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Green New Deal Can and Must Be Global (Part II)

Part 2 of 2 Parts Reposting from AfricaFocus Bulletin

By William Minter and Imani Countess

Grassroots climate actions

Most climate activists have come to understand, at least in principle, that it is the most vulnerable groups that suffer the greatest impact from the climate crisis, whether their disadvantages come from nationality, class, race, gender, or age. This disproportionate impact is reflected in the leadership and rank-and-file of climate activist movements around the world.

Women, particularly women of color and young women, are no longer only leaders behind the scenes, as they were in the civil rights movement and many other historical social moments. Instead they have become among the most prominent and visible spokespeople for climate change activism. African women activists have taken the lead in environmental struggles on the continent, such as the resistance to oil pollution in the Niger Delta and to the proposed coal plant in Lamu, Kenya.

The climate strike initiated by Swedish activist Greta Thunberg has gained supporters on every continent, including North America and Africa. While Thunberg has the most visible media presence, countless other activists, many of them indigenous, have been leading protests in various countries for years. Native American communities in the United States have been on the frontlines in seeking to block oil pipelines, linking these struggles to their own centuries-long commitment to protecting land and water. Teenage Lakota activist Tokata Iron Eyes spoke with Thunberg at the Pine Ridge Reservation in South Dakota in October 2019. “Indigenous people have been leading this fight for centuries,” Iron Eyes told the audience.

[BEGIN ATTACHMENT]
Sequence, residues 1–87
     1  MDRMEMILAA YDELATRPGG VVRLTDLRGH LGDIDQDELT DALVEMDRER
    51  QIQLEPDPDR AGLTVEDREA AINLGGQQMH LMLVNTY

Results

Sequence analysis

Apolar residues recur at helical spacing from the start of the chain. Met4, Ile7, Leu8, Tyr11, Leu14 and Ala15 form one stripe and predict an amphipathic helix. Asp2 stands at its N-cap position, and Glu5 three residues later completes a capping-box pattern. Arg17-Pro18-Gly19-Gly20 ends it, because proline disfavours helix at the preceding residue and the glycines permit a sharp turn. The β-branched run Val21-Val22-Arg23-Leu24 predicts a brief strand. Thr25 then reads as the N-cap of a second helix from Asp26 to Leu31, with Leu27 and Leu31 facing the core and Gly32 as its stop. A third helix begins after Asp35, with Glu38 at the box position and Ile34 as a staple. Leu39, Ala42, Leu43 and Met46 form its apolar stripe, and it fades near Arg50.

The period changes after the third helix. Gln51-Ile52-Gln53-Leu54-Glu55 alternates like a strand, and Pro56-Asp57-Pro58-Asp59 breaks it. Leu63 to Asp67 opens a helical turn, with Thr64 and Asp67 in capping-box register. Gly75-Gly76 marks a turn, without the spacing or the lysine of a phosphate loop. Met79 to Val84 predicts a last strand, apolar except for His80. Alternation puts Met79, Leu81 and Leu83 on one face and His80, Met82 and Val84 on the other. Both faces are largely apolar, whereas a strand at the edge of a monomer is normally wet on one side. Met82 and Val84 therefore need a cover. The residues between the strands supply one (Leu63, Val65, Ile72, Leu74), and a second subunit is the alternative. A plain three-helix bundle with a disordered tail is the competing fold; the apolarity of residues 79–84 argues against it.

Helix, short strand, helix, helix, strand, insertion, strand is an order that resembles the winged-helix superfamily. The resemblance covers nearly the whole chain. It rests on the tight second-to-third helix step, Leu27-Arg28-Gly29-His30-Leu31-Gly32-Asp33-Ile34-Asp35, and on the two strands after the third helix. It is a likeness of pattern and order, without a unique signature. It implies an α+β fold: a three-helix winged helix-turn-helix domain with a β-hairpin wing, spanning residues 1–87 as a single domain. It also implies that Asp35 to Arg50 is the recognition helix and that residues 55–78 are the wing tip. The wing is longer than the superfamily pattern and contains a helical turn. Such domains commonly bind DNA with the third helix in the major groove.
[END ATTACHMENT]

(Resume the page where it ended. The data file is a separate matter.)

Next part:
Minimizing future climate damage depends on stopping the use of fossil fuels, most urgently coal. In China and the United States, as well as Western Europe, the decline of coal is well under way, a response to its inefficiency and the health damage from air pollution. But these major economies are also still financing and exporting coal technology. In June 2019, local activists in Kenya won a national court ruling that blocked a proposed Chinese- and American-backed coal plant in Lamu, on Kenya’s coast. Significantly, this was the result of local activist initiatives in Lamu, bolstered by strong links with national and international climate activist groups.

Kenya is also one of the countries leading in innovative forms of renewable energy. Most popular is off-grid solar energy, which is now lighting homes for millions of rural consumers in Africa and South Asia who otherwise would have no access to electricity. Some 5 million households in Africa and South Asia have enough power to serve appliances as well as simple lighting. Growth is rapid, but the potential market of people lacking access to electricity worldwide is still over 800 million. International donors, including the US Agency for International Development (USAID), are supporting off-grid solar, although Obama’s Power Africa Initiative primarily backed fossil fuel projects using natural gas.

There is great potential for further innovation in renewables. For example, cooking with solar electricity instead of wood or charcoal could help curb deforestation and prevent deaths caused by pollution from indoor cooking fires. To accelerate innovation, there is a need for collaborative transnational research that links technologically advanced countries with local researchers.

Implications for multilateral and bilateral foreign policy

If the United States were to give priority to the climate crisis, this would not only have implications for global climate policy; it would also affect our foreign policy more narrowly defined, reshaping bilateral relations with both large and small countries.

The effect of activist mobilization and lobbying is already apparent in the Democratic debate, with the campaign plans of both Bernie Sanders and Elizabeth Warren being particularly attentive to international obligations. When the Sunrise Movement decided this month to endorse Bernie Sanders, its statement also praised Elizabeth Warren, and its scorecard rated both candidates highly. Both candidates recognize that global commitments are essential to their visions of a Green New Deal. Sanders’s plan envisages a $200 billion commitment to the UN’s Green Climate Fund, while Warren’s plan includes $100 billion for a Green Marshall Plan.